Jesse Mathews could return to medium security

Jesse Mathews could return to medium security

March 11th, 2013 by Todd South in Local Regional News

Jesse Mathews is escorted into court in this file photo.

Photo by Jake Daniels /Times Free Press.


Prisoners in Tennessee state custody: 19,595

Number by classification

Maximum: 528, or 2 percent

Close: 887, or 5 percent

Medium: 6,391, or 33 percent

Minimum: 11,789 or 60 percent

Daily cost to house an inmate

Maximum: $96.75

Medium: $62.55

Number of Tennessee state prisons: 14

Number with maximum-security inmates: 6

Source: Tennessee Department of Correction

Jesse Mathews lives alone in a cell 23 hours a day at West Tennessee State Penitentiary in Henning, Tenn.

He's in maximum security because he killed Chattanooga police Sgt. Tim Chapin on April 2, 2011, during a robbery on Brainerd Road.

Each week, prison officials review his conduct; soon that will change to a monthly review. If he behaves himself, Mathews eventually will move to medium security where he'll have a cellmate, a job, education, visitors and contact with other inmates throughout the day.

A month ago fellow officers and members of Chapin's family were outraged to learn that Mathews initially was classified as medium security. He pleaded guilty in November to killing Chapin and took a plea deal that earned him life without parole instead of facing the death penalty.

The Hamilton County District Attorney's Office immediately called corrections officials and forwarded details about Mathews' crime, his escape from a federal halfway house in Colorado and his story while in jail here that he had an ice pick in his rectum. That story got him taken to a hospital. No ice pick was ever found, but local officials said he might have been hatching an escape plot.

Three days after the complaints, Mathews was moved from the medium-security prison in Tiptonville, Tenn., to his current maximum-security home.

What few outside the prison system understand is that the charge that sends a felon to prison is but one factor in how an inmate is handled when he arrives. It's not even the most important factor.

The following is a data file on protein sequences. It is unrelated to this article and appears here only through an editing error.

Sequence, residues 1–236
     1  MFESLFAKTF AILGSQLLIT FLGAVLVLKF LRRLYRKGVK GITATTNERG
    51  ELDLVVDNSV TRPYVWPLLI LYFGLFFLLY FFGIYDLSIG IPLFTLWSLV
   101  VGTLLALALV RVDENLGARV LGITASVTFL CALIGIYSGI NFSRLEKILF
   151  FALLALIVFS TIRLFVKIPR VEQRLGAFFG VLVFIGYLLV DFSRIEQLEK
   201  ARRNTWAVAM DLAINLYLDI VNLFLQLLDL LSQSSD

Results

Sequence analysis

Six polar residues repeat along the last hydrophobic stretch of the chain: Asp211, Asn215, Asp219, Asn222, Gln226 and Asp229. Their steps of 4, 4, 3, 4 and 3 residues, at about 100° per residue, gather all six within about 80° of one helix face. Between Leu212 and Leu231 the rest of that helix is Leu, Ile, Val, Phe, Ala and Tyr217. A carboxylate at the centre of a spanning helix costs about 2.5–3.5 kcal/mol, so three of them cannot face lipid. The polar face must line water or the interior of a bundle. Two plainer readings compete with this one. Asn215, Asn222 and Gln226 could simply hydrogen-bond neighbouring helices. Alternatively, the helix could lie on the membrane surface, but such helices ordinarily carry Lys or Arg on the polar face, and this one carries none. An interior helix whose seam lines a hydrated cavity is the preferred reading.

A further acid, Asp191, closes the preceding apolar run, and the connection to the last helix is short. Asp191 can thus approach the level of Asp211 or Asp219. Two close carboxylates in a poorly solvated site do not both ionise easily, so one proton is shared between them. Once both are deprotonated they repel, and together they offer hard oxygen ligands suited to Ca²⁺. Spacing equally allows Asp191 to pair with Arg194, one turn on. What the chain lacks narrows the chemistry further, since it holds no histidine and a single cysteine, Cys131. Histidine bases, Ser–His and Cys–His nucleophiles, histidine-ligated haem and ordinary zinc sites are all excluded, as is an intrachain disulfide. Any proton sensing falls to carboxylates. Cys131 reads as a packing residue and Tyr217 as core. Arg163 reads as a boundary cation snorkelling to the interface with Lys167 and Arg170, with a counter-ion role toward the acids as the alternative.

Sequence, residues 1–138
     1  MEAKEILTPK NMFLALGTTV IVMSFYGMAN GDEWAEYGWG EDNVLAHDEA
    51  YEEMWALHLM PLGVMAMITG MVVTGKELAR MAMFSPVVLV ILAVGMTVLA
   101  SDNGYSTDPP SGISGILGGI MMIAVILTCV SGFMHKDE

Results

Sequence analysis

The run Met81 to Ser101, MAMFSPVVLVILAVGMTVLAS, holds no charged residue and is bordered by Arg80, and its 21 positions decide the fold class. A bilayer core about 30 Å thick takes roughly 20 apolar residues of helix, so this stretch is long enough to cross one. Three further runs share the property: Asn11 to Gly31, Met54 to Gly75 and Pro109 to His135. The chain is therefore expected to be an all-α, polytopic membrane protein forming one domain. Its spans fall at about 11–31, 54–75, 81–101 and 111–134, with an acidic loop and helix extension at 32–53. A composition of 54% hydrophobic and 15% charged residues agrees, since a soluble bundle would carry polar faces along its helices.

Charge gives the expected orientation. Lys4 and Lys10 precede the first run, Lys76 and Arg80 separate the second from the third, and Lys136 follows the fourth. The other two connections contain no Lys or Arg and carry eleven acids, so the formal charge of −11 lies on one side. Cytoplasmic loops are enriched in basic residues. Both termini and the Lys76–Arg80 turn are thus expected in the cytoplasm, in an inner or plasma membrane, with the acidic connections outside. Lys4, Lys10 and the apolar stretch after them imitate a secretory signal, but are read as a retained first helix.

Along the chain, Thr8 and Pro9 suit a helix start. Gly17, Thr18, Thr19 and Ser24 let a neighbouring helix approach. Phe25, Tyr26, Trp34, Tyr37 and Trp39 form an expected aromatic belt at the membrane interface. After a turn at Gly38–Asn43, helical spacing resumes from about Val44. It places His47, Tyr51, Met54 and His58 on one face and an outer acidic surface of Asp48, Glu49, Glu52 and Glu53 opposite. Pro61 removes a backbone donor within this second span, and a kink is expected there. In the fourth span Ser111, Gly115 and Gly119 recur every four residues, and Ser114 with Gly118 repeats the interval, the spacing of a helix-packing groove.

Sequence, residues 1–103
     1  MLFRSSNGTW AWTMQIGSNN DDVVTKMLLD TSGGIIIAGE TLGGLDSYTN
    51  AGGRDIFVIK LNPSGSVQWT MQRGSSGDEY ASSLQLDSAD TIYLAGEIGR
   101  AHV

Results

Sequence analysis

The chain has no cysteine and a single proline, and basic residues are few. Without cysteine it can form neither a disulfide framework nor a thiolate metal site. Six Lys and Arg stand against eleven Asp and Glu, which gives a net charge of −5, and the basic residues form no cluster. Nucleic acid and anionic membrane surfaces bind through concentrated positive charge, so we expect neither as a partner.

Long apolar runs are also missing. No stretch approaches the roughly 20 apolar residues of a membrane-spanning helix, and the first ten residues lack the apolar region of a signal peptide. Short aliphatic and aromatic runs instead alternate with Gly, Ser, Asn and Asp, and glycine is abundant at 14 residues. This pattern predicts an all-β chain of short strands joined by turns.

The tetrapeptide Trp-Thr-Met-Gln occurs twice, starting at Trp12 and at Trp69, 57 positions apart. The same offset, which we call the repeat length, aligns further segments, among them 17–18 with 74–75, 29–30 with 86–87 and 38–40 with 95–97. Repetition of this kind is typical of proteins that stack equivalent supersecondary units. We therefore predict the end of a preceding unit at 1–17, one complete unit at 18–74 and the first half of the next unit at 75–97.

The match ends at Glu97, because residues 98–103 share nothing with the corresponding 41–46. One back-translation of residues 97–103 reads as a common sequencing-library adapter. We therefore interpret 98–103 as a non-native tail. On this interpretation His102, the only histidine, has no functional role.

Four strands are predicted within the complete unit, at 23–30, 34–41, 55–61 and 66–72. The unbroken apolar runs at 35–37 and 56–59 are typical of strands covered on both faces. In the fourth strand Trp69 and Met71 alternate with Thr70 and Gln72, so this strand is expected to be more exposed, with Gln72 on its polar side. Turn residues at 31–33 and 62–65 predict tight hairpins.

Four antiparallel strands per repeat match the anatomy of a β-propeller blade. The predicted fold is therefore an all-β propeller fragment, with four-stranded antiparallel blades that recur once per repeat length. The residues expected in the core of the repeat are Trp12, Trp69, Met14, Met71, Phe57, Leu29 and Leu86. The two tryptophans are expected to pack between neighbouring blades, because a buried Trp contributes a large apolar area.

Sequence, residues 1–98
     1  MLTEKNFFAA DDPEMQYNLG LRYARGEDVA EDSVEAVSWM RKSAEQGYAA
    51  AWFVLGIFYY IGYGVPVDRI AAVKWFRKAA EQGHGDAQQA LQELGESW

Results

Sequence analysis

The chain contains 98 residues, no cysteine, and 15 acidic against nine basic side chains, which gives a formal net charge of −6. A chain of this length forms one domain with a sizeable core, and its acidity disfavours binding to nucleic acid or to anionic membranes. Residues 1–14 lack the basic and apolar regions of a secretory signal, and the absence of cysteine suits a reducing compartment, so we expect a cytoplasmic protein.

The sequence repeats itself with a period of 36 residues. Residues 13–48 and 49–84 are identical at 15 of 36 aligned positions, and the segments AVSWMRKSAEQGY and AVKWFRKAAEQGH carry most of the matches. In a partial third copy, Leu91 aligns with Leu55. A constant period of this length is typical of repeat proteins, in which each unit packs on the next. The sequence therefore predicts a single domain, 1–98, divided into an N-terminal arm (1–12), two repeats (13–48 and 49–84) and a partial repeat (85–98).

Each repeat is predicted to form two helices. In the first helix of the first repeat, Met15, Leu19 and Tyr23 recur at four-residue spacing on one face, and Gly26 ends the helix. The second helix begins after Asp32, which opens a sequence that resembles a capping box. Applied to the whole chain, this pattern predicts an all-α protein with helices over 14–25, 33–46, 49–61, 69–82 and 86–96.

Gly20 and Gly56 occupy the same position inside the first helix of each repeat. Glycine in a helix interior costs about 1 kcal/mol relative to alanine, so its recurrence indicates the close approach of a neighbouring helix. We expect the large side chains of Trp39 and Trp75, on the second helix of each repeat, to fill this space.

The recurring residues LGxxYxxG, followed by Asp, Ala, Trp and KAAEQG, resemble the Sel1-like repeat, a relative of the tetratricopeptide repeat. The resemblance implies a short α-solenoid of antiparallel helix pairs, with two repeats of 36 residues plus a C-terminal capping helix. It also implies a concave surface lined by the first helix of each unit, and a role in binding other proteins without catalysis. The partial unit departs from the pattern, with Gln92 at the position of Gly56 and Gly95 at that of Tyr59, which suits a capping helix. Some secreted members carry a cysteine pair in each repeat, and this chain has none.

"Now, that's not going to sit well with the victim's family; I understand and I probably would feel the same way," said Tony Parker, assistant commissioner of prisons for Tennessee.

But, he said, "these inmates were sent here; their punishment was being sent to prison. They're not sent here to be tortured or punished inside the facility."

The Chapin family declined to comment for this story.

Parker stressed that public safety is the department's No. 1 priority, and each facility follows policy accredited by the American Corrections Association.

There are nearly 20,000 prisoners in the custody of the Tennessee Department of Correction. As of last week, 528 were in maximum security.

The department has 14 prisons, six of which can house maximum security inmates. All of the facilities house prisoners down to the minimum level.

There are four levels of classification. From least restrictive to most, they are minimum, medium, close and maximum.

Regardless of current level, all prisoners receive at least an annual classification reassessment.

Though Mathews will be in prison for the rest of his life, locking him up under maximum security the entire time is neither cost-effective nor humane, Parker said.

The average annual cost to house an inmate in maximum security is $35,000. The cost for a medium-security inmate is $23,000, according to TDOC figures.

Hoan Bui is a sociology professor at the University of Tennessee at Knoxville who has studied prisoner rehabilitation.

Bui said the United States leads industrialized nations in incarceration rates and noted that the past 40 years have seen a punishment rather than rehabilitation model.

Classifying prisoners, she said, better prepares them for the outside world when released.

Ninety-six percent of inmates in Tennessee prisons eventually will be released, Parker said.

Even for those who will spend the rest of their lives inside, Bui said locking them in solitary confinement gives them no hope.

"People who have no hope tend to experience mental health problems," said Bui. "We cannot just keep people locked up forever without assessment."

Recent articles in Rolling Stone and Mother Jones magazines chronicle the practice of long-term solitary confinement and its effects on prisoners.

Suicide attempts and mental illness were reported as results in multiple reported cases of prisoners confined in such ways for years and even decades.

Bui said there isn't much research on the long-term effects of solitary confinement, so there's not enough evidence to show if an inmate will become more violent when kept in that state.

Parker said the prison classification system is an effective tool that helps manage the inmate population and can provide incentive for an inmate, who may be in the prison for a very long time, to behave.

"It is our responsibility to the public to provide safety," Parker said. "But keeping inmates segregated when there's no justification is not a best practice."